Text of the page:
A Problem Shared: Home Alone After Paternity Leave Ends?


A Problem Shared Parenting & Family Advice | by | 20th Jan 2017

A Problem Shared: Home Alone After Paternity Leave Ends?

A new mum from Flintshire is about to be home alone as her partner returns to work after paternity leave. Do you have any advice for this week’s A Problem Shared…?

If you need some help with any ideas or with any issues that are causing problems for your family why not share with the FamilyPoint Community? You can get advice and support from other parents as well as get an answer from one of our trained and experienced helpline adviser advocates. Click here.

Hi FamilyPoint,

My husband is finishing his paternity leave this week. I’m a bit apprehensive as I’m going to be home alone for the first time and it’s our first baby. Whilst it’s been an amazing couple of weeks together as a new family, the reality is dawning on me that there won’t be that safety net of his extra pair of eyes, ears, hands – etc!

I’m sure lots of people have their worries as new parents but I’m not sure if that reassures me! Anyway, any help would be appreciated.

Thanks, Alys

Our FamilyPoint Advice for Alys

Thanks for getting in touch with us here at FamilyPoint about your worries.

Whilst it doesn’t reassure you – it’s completely understandable for any new mother to anticipate possible difficulties or isolation and sense of responsibility as sole carer, when their husband returns to work following paternity leave. The transition from being a secure couple providing joint caring responsibilities to then being the sole carer for much of the day is potentially a daunting prospect.

However, there are a number of  possible options that you could consider. These may very well ease this feeling of worry and unfamiliarity, and make this transition easier and a lot smoother for yourself.

Ask family and friends

Family and friends can provide a great source of support during what can seem a very isolating period.  You may wish to think about making contact with anyone who’s available, for both practical and emotional support.  Maybe popping around with your newborn baby, to see a neighbour for a cup of tea, or going for a walk with a friend around the park is a good way to fill your day.

You may wish to ask your family or close friends for childcare support. Especially if or when you feel you are in need of some time out or to ease any potential isolation.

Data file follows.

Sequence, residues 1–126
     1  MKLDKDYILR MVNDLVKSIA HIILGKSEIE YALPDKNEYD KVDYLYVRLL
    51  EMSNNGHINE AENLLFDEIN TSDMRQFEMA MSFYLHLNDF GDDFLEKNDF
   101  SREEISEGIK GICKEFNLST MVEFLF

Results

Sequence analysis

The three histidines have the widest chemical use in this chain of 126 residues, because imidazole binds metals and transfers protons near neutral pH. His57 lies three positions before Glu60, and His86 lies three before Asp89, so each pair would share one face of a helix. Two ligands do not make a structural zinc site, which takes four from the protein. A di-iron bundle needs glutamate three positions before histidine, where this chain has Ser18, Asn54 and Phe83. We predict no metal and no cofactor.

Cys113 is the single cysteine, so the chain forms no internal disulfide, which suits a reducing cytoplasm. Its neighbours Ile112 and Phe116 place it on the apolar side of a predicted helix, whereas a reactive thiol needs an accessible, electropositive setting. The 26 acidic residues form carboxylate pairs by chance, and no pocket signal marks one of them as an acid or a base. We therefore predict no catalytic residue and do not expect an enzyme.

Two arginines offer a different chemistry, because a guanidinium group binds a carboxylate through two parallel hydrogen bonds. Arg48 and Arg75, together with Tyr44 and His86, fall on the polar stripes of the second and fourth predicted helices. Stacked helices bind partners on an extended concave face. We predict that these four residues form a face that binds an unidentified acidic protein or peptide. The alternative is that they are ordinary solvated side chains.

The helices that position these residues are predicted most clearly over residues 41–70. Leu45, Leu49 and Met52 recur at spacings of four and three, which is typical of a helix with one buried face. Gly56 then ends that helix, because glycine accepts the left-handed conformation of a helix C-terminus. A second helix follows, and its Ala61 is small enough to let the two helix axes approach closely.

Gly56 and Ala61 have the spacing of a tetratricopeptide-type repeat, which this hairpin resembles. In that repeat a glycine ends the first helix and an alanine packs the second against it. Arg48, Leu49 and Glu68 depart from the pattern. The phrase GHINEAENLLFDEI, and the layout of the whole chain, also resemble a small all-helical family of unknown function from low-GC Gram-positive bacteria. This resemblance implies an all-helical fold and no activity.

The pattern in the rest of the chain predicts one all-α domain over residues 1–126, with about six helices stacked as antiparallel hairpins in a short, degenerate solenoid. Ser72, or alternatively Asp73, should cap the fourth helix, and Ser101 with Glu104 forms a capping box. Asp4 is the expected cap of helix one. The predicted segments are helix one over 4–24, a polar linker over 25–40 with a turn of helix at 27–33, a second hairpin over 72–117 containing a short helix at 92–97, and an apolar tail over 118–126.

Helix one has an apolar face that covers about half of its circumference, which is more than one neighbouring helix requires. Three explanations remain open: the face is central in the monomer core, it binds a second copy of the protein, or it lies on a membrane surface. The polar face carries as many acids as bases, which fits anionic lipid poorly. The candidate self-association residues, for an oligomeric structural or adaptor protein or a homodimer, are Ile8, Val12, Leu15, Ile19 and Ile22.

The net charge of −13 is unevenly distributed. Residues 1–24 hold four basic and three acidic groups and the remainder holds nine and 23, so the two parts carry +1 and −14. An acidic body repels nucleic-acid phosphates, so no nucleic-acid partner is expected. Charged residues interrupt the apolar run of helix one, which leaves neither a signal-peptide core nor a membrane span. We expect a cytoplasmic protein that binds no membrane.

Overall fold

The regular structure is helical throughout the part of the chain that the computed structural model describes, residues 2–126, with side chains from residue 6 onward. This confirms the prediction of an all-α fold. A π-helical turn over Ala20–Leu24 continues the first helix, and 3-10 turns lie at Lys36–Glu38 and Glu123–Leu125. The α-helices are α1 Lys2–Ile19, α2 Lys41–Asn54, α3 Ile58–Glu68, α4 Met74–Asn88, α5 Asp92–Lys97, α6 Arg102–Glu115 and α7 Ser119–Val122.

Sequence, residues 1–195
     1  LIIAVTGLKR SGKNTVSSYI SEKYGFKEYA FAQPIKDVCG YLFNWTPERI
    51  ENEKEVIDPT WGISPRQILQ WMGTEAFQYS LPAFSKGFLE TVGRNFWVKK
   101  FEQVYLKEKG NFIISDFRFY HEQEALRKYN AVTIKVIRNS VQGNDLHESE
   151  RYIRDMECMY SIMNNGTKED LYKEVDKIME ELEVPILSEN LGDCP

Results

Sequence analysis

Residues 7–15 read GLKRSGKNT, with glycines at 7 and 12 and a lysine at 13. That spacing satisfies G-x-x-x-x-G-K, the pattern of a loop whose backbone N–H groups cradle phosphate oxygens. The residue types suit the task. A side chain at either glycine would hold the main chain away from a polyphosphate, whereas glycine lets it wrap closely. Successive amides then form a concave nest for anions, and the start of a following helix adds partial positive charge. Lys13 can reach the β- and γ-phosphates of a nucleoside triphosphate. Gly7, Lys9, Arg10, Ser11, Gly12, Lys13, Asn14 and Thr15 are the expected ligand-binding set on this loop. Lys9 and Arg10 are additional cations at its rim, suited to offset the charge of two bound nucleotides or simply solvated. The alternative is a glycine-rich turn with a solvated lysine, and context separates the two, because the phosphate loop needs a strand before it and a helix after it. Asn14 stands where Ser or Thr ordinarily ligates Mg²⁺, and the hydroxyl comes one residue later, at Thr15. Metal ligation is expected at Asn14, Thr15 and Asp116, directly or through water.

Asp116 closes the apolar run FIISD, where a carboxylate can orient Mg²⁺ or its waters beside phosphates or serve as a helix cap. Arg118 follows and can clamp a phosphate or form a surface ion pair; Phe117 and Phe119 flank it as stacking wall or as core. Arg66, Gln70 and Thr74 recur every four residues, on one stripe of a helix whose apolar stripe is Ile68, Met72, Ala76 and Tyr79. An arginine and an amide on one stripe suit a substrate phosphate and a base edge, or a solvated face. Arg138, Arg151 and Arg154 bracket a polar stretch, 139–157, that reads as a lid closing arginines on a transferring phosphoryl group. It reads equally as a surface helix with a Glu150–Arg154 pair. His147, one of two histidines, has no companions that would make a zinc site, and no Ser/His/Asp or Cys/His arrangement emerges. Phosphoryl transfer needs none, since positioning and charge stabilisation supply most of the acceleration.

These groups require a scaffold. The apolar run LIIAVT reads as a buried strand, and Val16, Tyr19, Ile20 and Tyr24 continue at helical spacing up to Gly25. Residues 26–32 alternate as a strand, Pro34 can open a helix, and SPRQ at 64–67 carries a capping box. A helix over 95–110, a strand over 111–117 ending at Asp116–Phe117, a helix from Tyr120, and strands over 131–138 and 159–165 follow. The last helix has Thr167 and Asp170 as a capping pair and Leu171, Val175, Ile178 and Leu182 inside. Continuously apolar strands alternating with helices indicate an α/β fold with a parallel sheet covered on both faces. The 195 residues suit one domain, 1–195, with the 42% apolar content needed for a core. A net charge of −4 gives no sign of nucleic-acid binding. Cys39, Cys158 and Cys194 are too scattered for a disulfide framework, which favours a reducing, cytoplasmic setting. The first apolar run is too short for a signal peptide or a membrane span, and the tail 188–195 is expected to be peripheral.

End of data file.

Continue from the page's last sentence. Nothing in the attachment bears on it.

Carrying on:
Friends and family important when paternity leave ends

Mother and baby groups

You could also consider making contact with a mother and toddler/baby group or club. Here you can meet other people who are in your shoes, and who would also appreciate some face-to-face contact and engagement. A mother and toddler/baby group is also a great place to gain further information and access to local services and support for new mothers and parents.

If you navigate our website, you will see a link to your local Family Information Service which provides help with childcare, information, money, parenting, and Things To Do in your area. Our website also has a link for Things to Do in your area. Also see our magazine section dedicated to Things To Do.

NCT logo for paternity leave article

National Childbirth Trust (NCT) is another great source of practical and emotional support. NCT is a national organisation that provides accurate, impartial information so that you can decide what’s best for your family. They also provide an opportunity to be introduced to a network of local parents. They will even match you up up with mothers who have similar birth dates to your baby, where you will be able to exchange similar experiences with local like-minded people, and if you wish you can meet up.

You are not alone

Above all – you are not alone after your partner’s paternity leave ends. Keep communicating your feelings and if you’re struggling at any point – talk to your health visitor and/or your family and friends. There is plenty of support out there.

We hope that this may help your transition over the next few weeks and that you are able to enjoy this very precious period you will have between you and your new born baby.

Helpline Graphic for Play out alone problem

If you would like further information on national or local support services, then you can contact us at FamilyPoint Cymru via phone 0300 222 57 57, text 07860 052 905, or IM/Chat. We are open Monday to Friday 9am-5pm.

Best wishes,

The FamilyPoint Cymru Team


A Problem Shared… is your space to share both your problems and your advice with the FamilyPoint community.A Problem Shared Sex Talk

Got a problem you want to share? Ask us now. Got advice you want to share? Leave a comment below or write an article for us!

Check out all our ‘A Problem Shared…’ posts for more family advice here.

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